Vane, Sir John Robert (1927-2004)
- Vane, John R.
- Archives and manuscripts
About this work
The collection relates predominantly to Vane's scientific career up to the point at which he joined the Wellcome Foundation in 1973. It includes many of his experiment notebooks, test results, experimental photgraphs and published papers from his academic days in the 1950's and during his pharmacology career at the Royal College of Surgeons from 1955 to 1973. His work during this time led up to and formed a basis for his work in the early 1970's on the mechanism by which aspirin worked .
Papers, lecture notes and experiment results from his university career at Birmingham, Oxford and Yale can be found in section A. However, the bulk of the material can be found in section B, his experiment results, and section C, his published papers from the 1960's and early 1970's. The published papers usually include early drafts as well as near final versions of articles which were usually written in collboration with other researchers.
Vane kept almost all of his personal correspondence. However, section D covers some of his communications with the British Pharmacological Society where he was the General Secretary in the early 1970's and the correspondence continues with his successors in that post through the late 1970's (Vane was often consulted on issues relevant to the B.P.S). These papers, predominantly correspondence to Vane, give more of a hint of the character of the individual and his views.
Section E includes lectures notes for a series of pharmacology lectures given predominantly by Vane during his time at the Royal College of Surgeons.
Section F is a small section of documents that do not sit naturally with his other papers. Papers include; experiment procedures from Squibb where Vane was a consultant in the late 1960's and early 1970's; published articles on Oblivon; a vitamin manual from 1953, further printed articles; and an assortment of notes.
The arrangement of the papers is as follows;
Section A: Education and Academic Career
A/1 Birmingham University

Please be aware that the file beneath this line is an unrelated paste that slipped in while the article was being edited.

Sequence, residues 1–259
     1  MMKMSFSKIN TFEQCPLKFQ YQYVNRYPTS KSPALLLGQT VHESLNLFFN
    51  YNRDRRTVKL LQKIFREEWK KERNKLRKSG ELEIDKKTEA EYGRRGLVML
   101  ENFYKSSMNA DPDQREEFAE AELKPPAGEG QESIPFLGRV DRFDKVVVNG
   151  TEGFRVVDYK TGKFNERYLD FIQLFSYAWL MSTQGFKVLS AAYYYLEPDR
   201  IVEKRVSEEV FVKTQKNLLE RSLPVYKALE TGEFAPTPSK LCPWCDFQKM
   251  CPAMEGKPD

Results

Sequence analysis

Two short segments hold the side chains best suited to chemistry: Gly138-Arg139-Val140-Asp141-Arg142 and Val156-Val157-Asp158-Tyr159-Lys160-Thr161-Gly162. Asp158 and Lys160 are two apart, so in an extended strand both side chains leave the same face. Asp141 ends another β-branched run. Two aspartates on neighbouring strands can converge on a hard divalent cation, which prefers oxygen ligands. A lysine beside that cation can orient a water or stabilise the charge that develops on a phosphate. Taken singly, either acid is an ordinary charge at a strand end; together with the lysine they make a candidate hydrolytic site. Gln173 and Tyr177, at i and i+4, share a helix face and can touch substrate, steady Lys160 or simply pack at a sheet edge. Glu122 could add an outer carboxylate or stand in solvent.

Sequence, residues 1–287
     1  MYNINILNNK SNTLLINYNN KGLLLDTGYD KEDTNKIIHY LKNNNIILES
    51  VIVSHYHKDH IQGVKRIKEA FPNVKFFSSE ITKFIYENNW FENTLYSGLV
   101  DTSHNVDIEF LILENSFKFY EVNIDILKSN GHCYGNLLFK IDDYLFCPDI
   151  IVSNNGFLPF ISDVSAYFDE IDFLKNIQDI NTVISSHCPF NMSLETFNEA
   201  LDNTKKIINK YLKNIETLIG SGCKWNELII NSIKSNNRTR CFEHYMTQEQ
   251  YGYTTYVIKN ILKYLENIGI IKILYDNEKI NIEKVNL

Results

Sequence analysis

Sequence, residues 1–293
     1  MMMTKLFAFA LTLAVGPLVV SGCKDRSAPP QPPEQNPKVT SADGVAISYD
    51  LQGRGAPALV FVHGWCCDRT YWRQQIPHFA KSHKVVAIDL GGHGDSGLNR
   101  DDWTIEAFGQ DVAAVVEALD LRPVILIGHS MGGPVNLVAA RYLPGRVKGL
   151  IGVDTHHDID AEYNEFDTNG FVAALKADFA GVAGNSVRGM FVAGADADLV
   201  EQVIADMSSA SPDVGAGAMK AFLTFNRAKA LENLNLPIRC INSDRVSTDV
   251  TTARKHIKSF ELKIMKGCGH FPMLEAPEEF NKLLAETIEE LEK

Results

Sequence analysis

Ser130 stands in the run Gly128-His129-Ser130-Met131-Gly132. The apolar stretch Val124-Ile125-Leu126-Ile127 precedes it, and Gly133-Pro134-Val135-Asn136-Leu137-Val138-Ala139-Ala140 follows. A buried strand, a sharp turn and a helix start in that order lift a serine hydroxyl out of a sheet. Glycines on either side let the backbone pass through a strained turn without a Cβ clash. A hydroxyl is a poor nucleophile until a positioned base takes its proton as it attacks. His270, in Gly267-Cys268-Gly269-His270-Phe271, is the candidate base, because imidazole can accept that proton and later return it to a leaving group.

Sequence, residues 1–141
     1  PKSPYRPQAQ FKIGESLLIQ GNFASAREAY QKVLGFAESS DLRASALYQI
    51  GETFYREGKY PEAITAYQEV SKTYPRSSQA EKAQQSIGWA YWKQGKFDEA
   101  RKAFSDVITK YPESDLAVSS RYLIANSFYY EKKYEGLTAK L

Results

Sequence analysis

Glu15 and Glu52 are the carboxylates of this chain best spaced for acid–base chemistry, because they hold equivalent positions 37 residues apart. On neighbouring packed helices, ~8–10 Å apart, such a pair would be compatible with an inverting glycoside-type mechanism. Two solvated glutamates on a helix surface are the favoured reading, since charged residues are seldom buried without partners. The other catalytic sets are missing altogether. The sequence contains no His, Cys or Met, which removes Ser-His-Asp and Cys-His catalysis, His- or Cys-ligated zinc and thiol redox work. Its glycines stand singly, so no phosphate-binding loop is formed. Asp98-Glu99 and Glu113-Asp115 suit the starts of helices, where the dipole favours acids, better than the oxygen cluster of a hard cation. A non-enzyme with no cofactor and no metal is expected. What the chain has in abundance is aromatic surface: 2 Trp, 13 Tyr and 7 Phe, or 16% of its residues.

A/2 Oxford University
A/3 Yale University
Section B: Experiment Results
B/1 Oxford University
B/2 Yale University
B/3 Royal College of Surgeons. 1955 to 1960
B/4 Royal College of Surgeons. 1960 to 1971
B/5 Royal College of Surgeons. Experiment Photographs and Graphs
Section C: Published Reseach Papers
C/1 Published from 1962 to 1965
C/2 Published from 1966 to 1967
C/3 Published from 1968 to 1969
C/4 Published in 1970
C/5 Published in 1971
C/6 Published in 1972
C/7 Published in 1973
C/8 Publication Schedule Cards
Section D: Correspondence - British Pharmacological Society
D/1 General Correspondence
D/2 Gaddum Lectureship Prize Correspondence
D/3 Correspondence as Foreign Secretary of the B.P.S.
Section E: Lectures - The Royal College of Surgeons
Section F: Miscellaneous Papers and Audio Material
The papers were given to the Contemporary Medical Archives Centre of the Wellcome Institute (now Archives and Manuscripts, Wellcome Library) in 1985 by Wellcome Research Laboratories, Beckenham. Sir John Vane had joined, what was then, the Wellcome Foundation in 1973 as the Director of Research and Development and remained there until 1986. Sir John Vane retained his personal papers and were not part of the donation from Wellcome Research.
Sir John Robert Vane (1927-2004), pharmacologist, was born on 29 March 1927 at Ivydene, Hollywood Lane, Wythall, Worcestershire, the third child of Maurice Vane, builder, and his wife, Frances Florence, née Fisher. His father was the son of Russian immigrants while his mother was from a Worcestershire farming family. He attended elementary school locally, and subsequently King Edward VI School, Birmingham. At King Edward VI School he pursued his interest in science, after which 'it seemed natural to move to the University of Birmingham (which was just across the road from the school) to study chemistry'. This he did, and graduated BSc in 1946.